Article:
Hong Kong Extradition Law

Hong Kong is at a political turmoil over the proposed extradition law. More than a million people in Hong Kong marched against a controversial extradition bill which they fear will erode freedom in the semi-autonomous territory.

Brief Background

Hong Kong was a British territory. It was handed over to China in 1997 under the concept of ‘one country, two systems, which accorded political and legal autonomy to the city.

The Fugitive Offenders and Mutual Legal Assistance in Criminal Matters Legislation (Amendment) Bill proposed by the Hing Kong regime has become the centre of controversy.

The extradition arrangements in Hong Kong were laid out in the Foreign Offenders Ordinance negotiated in 1997 when the UK returned the territory to China. Taiwan, Macau and the mainland were not included in that agreement.

The Bar Association argues that the omission was intentional because of the fundamentally different criminal justice system operating in the mainland and concerns over the mainland s track record on the protection of fundamental rights.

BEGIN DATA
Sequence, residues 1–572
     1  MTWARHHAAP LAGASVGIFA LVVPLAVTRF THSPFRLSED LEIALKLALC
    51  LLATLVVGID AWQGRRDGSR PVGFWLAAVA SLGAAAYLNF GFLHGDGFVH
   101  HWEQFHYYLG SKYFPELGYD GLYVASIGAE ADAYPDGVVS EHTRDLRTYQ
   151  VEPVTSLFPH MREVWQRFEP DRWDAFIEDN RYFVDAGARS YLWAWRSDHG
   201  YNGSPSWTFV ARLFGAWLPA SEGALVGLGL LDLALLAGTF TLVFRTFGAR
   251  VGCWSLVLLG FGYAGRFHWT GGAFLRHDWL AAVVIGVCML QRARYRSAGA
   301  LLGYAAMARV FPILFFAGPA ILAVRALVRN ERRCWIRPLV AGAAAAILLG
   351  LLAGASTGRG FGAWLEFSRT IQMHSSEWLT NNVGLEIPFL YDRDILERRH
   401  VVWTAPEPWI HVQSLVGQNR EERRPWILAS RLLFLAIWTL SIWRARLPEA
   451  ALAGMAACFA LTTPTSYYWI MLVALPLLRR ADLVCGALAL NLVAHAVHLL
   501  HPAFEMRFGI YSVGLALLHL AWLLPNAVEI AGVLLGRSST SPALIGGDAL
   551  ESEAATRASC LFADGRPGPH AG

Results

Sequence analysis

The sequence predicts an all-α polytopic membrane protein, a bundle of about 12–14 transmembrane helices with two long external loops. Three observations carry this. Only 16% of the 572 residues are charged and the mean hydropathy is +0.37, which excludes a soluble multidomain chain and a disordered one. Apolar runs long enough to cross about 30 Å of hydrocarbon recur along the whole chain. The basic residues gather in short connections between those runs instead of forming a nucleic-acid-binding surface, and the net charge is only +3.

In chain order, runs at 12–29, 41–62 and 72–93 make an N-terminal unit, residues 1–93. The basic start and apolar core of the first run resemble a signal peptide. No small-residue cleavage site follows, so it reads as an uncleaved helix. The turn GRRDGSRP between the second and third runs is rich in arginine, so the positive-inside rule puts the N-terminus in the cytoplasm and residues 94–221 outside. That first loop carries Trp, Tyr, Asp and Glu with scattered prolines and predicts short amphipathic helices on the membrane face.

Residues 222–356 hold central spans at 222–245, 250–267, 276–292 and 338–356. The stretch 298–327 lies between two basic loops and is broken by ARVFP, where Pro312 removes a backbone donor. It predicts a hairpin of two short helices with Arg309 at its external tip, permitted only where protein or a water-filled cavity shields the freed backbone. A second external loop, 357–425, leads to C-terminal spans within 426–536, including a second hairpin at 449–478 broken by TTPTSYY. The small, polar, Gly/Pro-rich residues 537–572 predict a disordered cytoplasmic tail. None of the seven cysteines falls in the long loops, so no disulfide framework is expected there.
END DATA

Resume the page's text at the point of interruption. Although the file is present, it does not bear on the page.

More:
The political executives of Hong Kong feel that legal loophole’ was preventing the extradition of fugitives.

Amendments Proposed

The Fugitive Offenders and Mutual Legal Assistance in Criminal Matters Legislation (Amendment) Bill provide for the sending of suspected offenders to places with which the territory has no formal extradition agreement on a case-by-case or one-off basis. The chief executive would have the authority to decide any request.

Hong Kong’s courts would have the opportunity to review the decision of the chief executive. But the court s would not be allowed to inquire into the “quality of justice” the accused would receive or whether they were guilty of the alleged offence.

Why the People are Opposing?

The amendment bill doesn t provide any role to 70-member assembly or Legco in the process. The power to decide on extradition has been vested with the chief executive who is not elected but chosen by an election committee accountable to China.

Even though the Courts are allowed to review the decision it is said that courts will have very little power to reject any extradition request since it will not be a formal prosecution which examines the evidence presented by the other side.

So people fear that China could manipulate the process to prosecute someone – a human rights defender or activist.

The administration has also proposed amendments to the police and officials of mainland China are not allowed to operate in Hong Kong. The provision of mutual legal assistance would allow outside investigators to request assistance from Hong Kong for criminal cases including search and seizure, and confiscation and restraint orders. It is feared that it may provide backdoor entry for Chinese officials.


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